Episcopal priest Nontombi Naomi Tutu finds a vision for the future of Christianity in the wisdom of the Hebrew prophet Amos.
When God calls Amos from his fairly stable life, Amos realizes that he is called to be in conflict with the prevailing wisdom and power structure of his day. Yet, he knows that he is called not simply to upbraid the people of Israel but to remind them who their God is and who they are called to be. . . . This is a people who have pledged themselves and their descendants to be in a covenantal relationship with God. The covenant is not about feast days or offering sacrifices to God; it is about how they are to live as a people in the world. They are meant to model a new way of being in community and to show that worshipping God is about every aspect of their lives.
Worship of God is . . . all about how we treat our neighbor, how we deal with the less fortunate, what we do to or for the widow and orphan, and how we treat the stranger in our midst. Amos tries . . . to make it clear to God’s people that the God who created and loves them, expects that their belief in God will challenge them to live lives that mirror God’s love. . . .
It is harder to see this Amos Christianity in the world, but I know it is there and I believe this is actually the more dominant story of Christianity. It is more hidden because it is not flashy or seeking attention. . . . I have seen it in the small parish of St. Thomas, Kagiso, South Africa. When we visited some years ago, the rector at the time, Xolani Dlwati, told us, “We do not do outreach. Everything we do is worship.” This congregation, comprised of predominantly poor families, fed lunch to children in the neighborhood school; bought school books, shoes, and uniforms for children in the community; stood as guardians for families of child-headed households; and made sure that those dying from AIDS had their homes cleaned, were eating healthy food, and knew they were loved. There was no fancy church sanctuary, no glamorous life for the rector, just worship of God that showed, through their caring, what Christianity is all about. . . .
Our faith has never been about those who are most popular and those who preach prosperity. It has been about the communities faithfully modeling a way of being in the world, of being in relationship with each other and with the prisoner and the hungry. It has been about voices reminding us that living God’s love looks like our daily experiences. It has been about Amos, standing up to the establishment in the name of God and in the name of justice. So, I believe that the future of Christianity is indeed its past and present. It is Amos. It is us.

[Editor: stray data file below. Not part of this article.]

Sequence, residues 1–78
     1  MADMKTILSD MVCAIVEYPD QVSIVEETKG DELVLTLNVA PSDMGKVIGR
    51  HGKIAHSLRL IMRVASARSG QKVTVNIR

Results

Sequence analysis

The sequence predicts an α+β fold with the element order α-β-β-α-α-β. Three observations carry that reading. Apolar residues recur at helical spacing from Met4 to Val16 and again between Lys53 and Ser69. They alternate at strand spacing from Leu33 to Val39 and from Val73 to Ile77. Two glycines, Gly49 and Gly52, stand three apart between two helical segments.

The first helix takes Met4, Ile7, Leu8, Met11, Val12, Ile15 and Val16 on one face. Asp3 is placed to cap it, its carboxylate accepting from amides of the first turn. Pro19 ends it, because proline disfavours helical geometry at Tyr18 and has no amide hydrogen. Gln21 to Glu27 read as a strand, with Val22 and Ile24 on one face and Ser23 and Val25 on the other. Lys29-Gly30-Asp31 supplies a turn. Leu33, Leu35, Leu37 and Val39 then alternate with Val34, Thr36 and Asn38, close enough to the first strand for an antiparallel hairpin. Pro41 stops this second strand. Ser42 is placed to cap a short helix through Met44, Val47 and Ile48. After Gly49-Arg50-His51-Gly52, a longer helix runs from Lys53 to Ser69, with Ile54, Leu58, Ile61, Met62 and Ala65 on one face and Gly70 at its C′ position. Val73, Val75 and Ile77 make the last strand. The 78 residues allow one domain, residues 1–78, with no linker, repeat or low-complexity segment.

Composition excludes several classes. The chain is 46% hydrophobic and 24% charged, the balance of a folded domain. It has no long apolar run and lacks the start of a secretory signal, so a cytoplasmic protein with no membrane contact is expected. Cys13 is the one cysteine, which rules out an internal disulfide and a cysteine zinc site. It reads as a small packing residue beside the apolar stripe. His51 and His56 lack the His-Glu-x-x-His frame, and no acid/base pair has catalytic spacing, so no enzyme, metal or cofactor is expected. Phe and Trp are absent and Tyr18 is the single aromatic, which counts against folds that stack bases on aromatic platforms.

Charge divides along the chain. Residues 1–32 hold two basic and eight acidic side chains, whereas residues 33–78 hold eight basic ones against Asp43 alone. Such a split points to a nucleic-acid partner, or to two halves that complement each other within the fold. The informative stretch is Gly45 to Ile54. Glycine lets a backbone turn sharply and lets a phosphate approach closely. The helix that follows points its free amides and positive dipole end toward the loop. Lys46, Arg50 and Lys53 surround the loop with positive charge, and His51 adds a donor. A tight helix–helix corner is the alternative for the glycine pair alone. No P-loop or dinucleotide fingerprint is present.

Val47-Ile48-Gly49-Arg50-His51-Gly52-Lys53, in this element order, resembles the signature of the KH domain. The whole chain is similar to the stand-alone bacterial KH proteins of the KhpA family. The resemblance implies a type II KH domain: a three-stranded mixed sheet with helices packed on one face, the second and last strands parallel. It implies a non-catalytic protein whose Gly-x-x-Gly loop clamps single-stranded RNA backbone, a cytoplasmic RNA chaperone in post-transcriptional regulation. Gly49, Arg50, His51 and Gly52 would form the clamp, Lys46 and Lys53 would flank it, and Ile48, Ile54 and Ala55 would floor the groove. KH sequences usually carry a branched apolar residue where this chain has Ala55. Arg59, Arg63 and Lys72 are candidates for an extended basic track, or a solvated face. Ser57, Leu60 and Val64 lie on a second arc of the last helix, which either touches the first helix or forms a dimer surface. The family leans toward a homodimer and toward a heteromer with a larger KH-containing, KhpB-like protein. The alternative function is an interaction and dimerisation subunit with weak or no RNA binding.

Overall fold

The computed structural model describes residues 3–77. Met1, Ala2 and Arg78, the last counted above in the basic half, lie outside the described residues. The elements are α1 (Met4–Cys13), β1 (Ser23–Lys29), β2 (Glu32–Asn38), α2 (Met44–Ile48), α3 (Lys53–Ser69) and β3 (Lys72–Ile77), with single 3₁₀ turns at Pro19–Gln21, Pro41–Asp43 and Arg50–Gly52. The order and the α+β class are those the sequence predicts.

Explore Further. . .
- Read Richard on the example of the Hebrew prophets.
- Learn more about this year’s theme Nothing Stands Alone.
- Meet the team behind the Daily Meditations.
Image credit: Christopher Holt, Newgrange Triple Spiral (detail), 2014, Ireland, photograph, Wikimedia. Joanna Kosinska, Untitled (detail), 2017, photograph, Unsplash. Nasa and ESA, M104 Sombrero Galaxy (detail), 2003, United States, photograph, Wikimedia. Jenna Keiper & Leslye Colvin, 2022, triptych art, United States. Click here to enlarge image.
Image inspiration: From a past shrouded by time, we hold the known candle of our present moment toward an unknown and expansive future. Past, present, and future— Christ is present in each.
Story from Our Community:
As a lifelong Christian, born into a churchgoing family with devout parents, I carried a burden of doubt for many years into my fifties. I didn’t dare tell anyone, not even my husband, for fear they would tell me it was the same for them. The ruse would be up, and all my church and community life would fall apart as a sham. At the heart of my doubt was the beautiful image of our blue planet in space, which I think had lodged in my subconscious. Where was God in that huge empty space? Then one Ash Wednesday, it came to me, like a revelation: the “space” is Love, the Love is God, and there is no space— even down to atoms and smaller—where God, where Love—isn’t. —Diane E.
Prayer for our community:
God, Lord of all creation, lover of life and of everything, please help us to love in our very small way what You love infinitely and everywhere. We thank You that we can offer just this one prayer and that will be more than enough, because in reality every thing and every one is connected, and nothing stands alone. To pray for one part is really to pray for the whole, and so we do. Help us each day to stand for love, for healing, for the good, for the diverse unity of the Body of Christ and all creation, because we know this is what You desire: as Jesus prayed, that all may be one. We offer our prayer together with all the holy names of God, we offer our prayer together with Christ, our Lord, Amen.